While most modern scholars would disagree, it is Pitre’s opinion that all of Christ’s apostles were celibate.
In addition to Scripture, there is a theological basis for celibacy.
“Celibacy is imposed on no one,” said Marist Father Thomas Dubay, author of And You Are Christ’s. “There’s a vast difference between a vocation and a career.”
Father Dubay provided five theses for priestly celibacy:
“First, celibacy in Scripture is a privileged sphere of the sacred. They are set apart for the Lord.
“Second, celibacy is a radical readiness in pursuit of the Kingdom.
“Third, celibacy is an immediate ecclesial bridal union. The priest has a marital relationship with the Church.
“Fourth, it’s a fulfillment vocation. A priest gives up the good for something greater.
“Finally, it is an excluding fullness. It orients one directly to God so that the person cannot give one’s heart to another in a marital way. It’s a psychological sundering. The virginal charism is a gift for the Church.”
“There is this idea that there is something in ordination that configures the priest to Christ that calls forth from him a life like Christ’s life,” said Father Andrew Cozzens, instructor of sacramental theology at St. Paul Seminary in St. Paul, Minn. paraphrasing Pope John Paul II’s words in his 1992 post-synodal apostolic exhortation Pastores Dabo Vobis (The Formation of Priests in the Circumstances of the Present Day).
“Christ himself was celibate,” said Father Taphorn. “You can love God in a particular way because you’re imitating his son.”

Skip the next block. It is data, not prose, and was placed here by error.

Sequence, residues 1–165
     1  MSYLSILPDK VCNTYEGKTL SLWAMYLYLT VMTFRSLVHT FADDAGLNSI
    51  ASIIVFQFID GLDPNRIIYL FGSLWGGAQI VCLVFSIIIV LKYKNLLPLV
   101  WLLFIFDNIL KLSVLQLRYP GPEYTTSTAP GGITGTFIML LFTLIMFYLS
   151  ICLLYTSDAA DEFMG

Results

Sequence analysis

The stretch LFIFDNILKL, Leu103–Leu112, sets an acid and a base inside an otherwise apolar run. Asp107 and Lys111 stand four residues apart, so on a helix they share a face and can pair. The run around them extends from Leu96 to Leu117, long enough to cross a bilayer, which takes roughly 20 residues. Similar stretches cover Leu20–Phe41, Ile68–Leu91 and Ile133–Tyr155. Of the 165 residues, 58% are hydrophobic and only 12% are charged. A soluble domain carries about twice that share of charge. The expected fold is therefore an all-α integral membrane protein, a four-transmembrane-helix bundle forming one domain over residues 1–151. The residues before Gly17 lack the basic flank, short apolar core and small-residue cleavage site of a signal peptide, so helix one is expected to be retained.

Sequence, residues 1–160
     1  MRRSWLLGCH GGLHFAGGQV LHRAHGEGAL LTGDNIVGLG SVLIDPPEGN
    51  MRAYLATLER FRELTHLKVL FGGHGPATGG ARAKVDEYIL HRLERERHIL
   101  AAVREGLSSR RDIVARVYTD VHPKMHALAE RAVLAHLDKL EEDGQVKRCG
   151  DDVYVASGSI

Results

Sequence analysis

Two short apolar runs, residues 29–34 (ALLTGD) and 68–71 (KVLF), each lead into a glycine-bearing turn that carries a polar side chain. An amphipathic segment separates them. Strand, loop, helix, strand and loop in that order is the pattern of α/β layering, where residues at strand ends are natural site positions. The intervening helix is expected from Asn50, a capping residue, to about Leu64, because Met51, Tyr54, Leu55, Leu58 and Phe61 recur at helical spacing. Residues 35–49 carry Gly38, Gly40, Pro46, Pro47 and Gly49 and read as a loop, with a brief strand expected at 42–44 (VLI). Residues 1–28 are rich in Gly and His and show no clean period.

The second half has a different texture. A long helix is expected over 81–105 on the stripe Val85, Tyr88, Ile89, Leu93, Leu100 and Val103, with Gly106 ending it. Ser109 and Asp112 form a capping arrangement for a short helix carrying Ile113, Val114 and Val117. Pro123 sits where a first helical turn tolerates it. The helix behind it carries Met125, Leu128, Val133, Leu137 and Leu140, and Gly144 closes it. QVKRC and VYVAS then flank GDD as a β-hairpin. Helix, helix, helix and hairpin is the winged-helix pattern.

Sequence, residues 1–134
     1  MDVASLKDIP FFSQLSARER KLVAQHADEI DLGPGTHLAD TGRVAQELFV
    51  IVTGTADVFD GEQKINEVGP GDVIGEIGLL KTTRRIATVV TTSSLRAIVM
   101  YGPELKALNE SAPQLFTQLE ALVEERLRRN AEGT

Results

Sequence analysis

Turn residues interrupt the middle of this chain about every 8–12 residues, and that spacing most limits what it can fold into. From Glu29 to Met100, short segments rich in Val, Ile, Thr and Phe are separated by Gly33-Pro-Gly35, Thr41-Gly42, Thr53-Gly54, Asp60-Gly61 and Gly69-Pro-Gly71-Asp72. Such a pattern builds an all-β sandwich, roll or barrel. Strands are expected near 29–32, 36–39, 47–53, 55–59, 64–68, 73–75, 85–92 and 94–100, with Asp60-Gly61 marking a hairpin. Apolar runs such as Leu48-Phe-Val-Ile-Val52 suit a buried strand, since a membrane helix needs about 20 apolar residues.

Priests, however, not only imitate Christ in how he lived, but also image him in his relationships to his disciples and the Father. The priestly fraternity — priests united with their bishop, in union with the Pope — images the friendship between the apostles and Christ as a communion of men dedicated to God.
That’s something Father Taphorn has come to realize during his 10 years as a priest.
“You need a brotherhood — a priestly fraternity that can be supportive,” said Father Taphorn. “It’s a part of God’s plan for how he has structured the Church and the priesthood.”
“We would do better to define this vocation not by what it has given up, but by what it has embraced — the marriage feast of the Lamb,” said Christopher West, author of Theology of the Body Explained. “In a world calling for the end to this vocation, even within the Church, it is a bold proclamation to the whole world of the beauty and meaning of sexuality.”
Father Cozzens believes that that sign of contradiction is needed in our culture now more than ever.
“By his celibacy, the priest says there is another world that is worth living for. This is one of the most striking things about the Catholic priesthood to outsiders. It demands either respect or hatred.”
Father Joseph Fessio, provost of Ave Maria University in Naples, Fla., 50 of the 150 men currently on campus are discerning the priesthood in the school’s pretheologate program “They have no problems with celibacy,” said Father Fessio. “They want to give themselves to the Lord.”
Tim Drake is based in
St. Joseph, Minnesota.